Abstract

Some of the significant strides made in coal stimulation during the last 25 years can be attributed to the development of new-generation fluid systems (i.e., low gel loading fluids with efficient low-temperature breaker systems that cause less polymer damage in coals). All these new developments were implemented to

  • minimize damage in coals, and

  • maximize production.

Water fracture treatments in coals completely eliminated polymer damage but did not always maximize production. The use of new-generation crosslinked fluids did provide better half-lengths and conductivities but still left residual damage in coals. Based on production, it was confirmed that the benefits obtained with this fluid system outweighed the damage created. To further reduce the damage in coals and obtain better regained fracture permeability, implementing hybrid fracture treatments in coals was considered in this San Juan basin project. The term "hybrid" in this case refers to a water pad followed by crosslinked fluid sand stages. Potential benefits of this technique in coals include:

  • minimizing damage caused by gel,

  • maximizing regained permeability,

  • containing height growth, and

  • lowering cost.

There are two parts to this work. The first part presented in this paper contains the design, implementation, and encouraging initial results obtained from the seven wells in this project, which is in an underpressured area. This is the first project in which hybrid-type treatments have been applied in a low-pressured formation. This paper will discuss the lessons learned from such an application in coals. When sufficient production data becomes available, the second part of this work will quantify the results via reservoir simulation. The second part will also include quantified results from another current hybrid fracture-stimulation project where the coals are slightly overpressured.

Introduction

Historically water fracture and hybrid fracture treatments have been applied to low-permeability reservoirs in the United States.[1] Since its inception, water fracture treatments have also been applied to coalbed methane (CBM) wells.[2,3,4] Water fracture treatments are used in coals mainly because, unlike crosslinked fluid systems, they do not cause damage to coals; they are also less expensive. However, an industry survey of coalbed methane completions in the six CBM basins in the U.S. has shown that crosslinked fluid fracture treatments have outperformed water fracture treatments.[5] The authors attribute this to the proppant carrying capacity of the new-generation low gel loading fluids with efficient breaker systems. The benefits of obtaining better effective half-lengths with these new fluid systems have outweighed the residual damage created by gel. To further improve regained permeability by reducing residual gel damage and still maintaining proppant carrying capacity, hybrid fracture treatments were considered in this project. According to Rushing et al.,[6] hybrid fracture treatments provide the benefits of both gel and water fracture treatments.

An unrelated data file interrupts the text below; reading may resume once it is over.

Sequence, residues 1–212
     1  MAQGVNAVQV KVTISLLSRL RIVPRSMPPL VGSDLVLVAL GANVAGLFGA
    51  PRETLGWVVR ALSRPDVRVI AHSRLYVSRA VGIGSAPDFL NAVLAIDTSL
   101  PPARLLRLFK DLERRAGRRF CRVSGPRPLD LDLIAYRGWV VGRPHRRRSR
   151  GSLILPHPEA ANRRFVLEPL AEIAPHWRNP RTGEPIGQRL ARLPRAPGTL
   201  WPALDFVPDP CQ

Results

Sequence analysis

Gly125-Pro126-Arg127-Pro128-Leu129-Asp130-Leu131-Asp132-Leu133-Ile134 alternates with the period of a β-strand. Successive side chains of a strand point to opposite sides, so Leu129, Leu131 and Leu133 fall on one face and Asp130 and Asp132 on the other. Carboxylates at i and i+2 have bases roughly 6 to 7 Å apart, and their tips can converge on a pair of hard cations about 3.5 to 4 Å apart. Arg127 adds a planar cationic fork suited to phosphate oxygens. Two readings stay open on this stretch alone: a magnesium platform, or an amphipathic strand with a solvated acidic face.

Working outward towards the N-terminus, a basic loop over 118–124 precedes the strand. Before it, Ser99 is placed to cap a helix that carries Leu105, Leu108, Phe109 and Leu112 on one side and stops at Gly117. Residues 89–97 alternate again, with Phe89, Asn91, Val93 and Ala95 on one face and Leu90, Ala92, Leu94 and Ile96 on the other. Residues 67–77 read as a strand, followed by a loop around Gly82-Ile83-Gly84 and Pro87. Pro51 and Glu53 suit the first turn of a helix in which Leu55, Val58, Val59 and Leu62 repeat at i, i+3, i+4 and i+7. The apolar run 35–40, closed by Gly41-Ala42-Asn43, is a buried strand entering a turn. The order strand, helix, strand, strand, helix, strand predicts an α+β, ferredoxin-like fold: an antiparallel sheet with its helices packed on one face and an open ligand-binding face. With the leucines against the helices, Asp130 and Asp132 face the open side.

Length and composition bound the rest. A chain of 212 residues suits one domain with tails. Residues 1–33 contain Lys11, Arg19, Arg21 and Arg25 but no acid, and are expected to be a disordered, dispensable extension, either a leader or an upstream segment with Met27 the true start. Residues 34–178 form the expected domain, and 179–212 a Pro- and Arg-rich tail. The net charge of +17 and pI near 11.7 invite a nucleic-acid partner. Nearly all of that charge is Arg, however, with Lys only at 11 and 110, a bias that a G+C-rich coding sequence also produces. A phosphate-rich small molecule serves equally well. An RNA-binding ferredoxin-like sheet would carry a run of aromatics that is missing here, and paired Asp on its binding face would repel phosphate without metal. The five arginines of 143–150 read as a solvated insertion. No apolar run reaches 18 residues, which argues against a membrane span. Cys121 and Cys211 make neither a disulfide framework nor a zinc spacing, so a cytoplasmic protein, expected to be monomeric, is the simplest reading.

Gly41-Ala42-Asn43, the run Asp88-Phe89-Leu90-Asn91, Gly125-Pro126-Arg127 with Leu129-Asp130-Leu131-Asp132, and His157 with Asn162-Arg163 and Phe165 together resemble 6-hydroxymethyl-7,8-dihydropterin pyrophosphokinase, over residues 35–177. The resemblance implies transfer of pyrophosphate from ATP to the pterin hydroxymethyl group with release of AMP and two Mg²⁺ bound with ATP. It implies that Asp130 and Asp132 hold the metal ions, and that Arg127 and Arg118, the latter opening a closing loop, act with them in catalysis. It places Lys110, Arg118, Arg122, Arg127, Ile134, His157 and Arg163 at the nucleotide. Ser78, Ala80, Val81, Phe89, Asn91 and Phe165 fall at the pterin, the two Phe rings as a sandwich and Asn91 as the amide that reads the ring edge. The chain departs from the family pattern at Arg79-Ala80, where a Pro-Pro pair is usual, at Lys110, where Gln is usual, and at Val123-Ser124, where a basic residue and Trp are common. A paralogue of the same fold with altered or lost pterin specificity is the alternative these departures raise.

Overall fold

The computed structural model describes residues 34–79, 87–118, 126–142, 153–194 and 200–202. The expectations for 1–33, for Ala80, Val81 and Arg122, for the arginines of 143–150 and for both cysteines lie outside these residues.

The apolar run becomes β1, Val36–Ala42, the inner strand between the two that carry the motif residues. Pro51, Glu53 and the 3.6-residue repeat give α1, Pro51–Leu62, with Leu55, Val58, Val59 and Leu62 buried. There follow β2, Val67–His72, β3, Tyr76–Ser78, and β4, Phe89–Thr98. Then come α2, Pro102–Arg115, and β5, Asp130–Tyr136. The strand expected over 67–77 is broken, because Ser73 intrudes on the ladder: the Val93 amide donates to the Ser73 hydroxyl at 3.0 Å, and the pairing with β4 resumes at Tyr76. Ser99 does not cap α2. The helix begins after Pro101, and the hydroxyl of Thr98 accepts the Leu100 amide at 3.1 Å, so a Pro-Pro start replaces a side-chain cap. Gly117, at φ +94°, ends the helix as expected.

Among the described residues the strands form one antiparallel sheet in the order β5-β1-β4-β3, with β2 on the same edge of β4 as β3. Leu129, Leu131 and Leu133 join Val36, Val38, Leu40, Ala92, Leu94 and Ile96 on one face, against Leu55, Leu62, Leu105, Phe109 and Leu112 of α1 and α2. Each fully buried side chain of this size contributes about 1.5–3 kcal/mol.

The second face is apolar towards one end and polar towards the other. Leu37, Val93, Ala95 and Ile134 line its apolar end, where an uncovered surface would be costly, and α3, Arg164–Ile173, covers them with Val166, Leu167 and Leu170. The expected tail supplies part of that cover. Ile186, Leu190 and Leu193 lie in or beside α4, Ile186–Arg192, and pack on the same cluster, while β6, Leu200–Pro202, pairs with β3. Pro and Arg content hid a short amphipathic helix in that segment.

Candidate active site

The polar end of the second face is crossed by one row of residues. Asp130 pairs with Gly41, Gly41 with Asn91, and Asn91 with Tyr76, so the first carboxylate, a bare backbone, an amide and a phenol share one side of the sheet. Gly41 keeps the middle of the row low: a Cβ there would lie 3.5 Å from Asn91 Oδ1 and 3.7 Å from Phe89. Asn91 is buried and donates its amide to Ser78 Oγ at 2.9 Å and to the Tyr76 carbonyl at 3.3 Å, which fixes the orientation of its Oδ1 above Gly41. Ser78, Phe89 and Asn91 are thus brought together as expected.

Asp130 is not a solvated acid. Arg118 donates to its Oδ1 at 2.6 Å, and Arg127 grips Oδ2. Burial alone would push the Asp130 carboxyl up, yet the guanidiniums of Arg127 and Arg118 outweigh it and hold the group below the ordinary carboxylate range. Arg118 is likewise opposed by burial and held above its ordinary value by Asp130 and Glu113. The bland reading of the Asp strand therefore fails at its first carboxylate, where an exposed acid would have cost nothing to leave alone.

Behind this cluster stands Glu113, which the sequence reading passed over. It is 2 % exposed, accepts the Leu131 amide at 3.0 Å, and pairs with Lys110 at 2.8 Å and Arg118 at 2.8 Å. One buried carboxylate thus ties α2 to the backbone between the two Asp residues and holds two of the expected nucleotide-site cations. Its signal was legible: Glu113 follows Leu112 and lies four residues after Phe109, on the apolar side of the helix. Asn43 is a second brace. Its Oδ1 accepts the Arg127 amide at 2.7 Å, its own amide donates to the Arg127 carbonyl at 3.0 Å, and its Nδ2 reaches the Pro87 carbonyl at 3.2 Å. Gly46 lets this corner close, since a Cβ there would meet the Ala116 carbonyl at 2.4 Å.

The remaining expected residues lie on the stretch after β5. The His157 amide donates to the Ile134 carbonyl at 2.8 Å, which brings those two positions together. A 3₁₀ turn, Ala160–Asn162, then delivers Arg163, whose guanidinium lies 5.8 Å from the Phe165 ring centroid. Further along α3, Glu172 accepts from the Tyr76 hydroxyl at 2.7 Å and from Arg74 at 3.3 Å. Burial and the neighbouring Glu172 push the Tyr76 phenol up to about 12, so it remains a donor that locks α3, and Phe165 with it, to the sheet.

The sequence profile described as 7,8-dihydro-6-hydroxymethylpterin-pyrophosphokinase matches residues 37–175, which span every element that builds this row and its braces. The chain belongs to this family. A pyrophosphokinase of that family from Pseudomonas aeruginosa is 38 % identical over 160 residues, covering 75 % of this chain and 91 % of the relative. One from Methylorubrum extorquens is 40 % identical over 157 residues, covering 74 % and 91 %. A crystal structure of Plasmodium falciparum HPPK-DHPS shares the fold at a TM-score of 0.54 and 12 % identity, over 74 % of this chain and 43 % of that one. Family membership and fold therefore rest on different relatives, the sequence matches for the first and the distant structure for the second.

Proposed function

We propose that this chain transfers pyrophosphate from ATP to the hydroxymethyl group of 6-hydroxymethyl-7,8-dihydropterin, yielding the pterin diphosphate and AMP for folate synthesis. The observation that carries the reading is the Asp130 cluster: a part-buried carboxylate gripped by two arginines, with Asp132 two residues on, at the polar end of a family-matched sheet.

A logical requirement when considering a water fracture treatment is whether the formation will have sufficient energy to unload additional water. Although a hybrid fracture treatment uses less water than a conventional water fracture treatment, it still uses more water than a conventional gel fluid fracture treatment. Although pressure transient tests revealed that the coals in the project area were underpressured, hybrid fracture treatments were still considered for the project because the wells operate on rod pumps. It was assumed that these pumps would be sufficient to negate the low reservoir pressure in the coal and unload the additional water that would be injected during the stimulation treatment. The additional water would come mainly from an increase in the pad volume; this incremental volume was not expected to affect the relative permeability to gas significantly.

The fact that the thin, low-viscosity pad fluid used in hybrid fracture treatments creates more confined fractures was one of the main reason that this type of treatment was considered for this project. The design and implementation of this hybrid fracture treatment for the case wells and the encouraging initial results are discussed in this paper. An evaluation of these fracturing treatments will be made when sufficient data from reservoir simulation becomes available; the analysis will be presented in the second part of this work.

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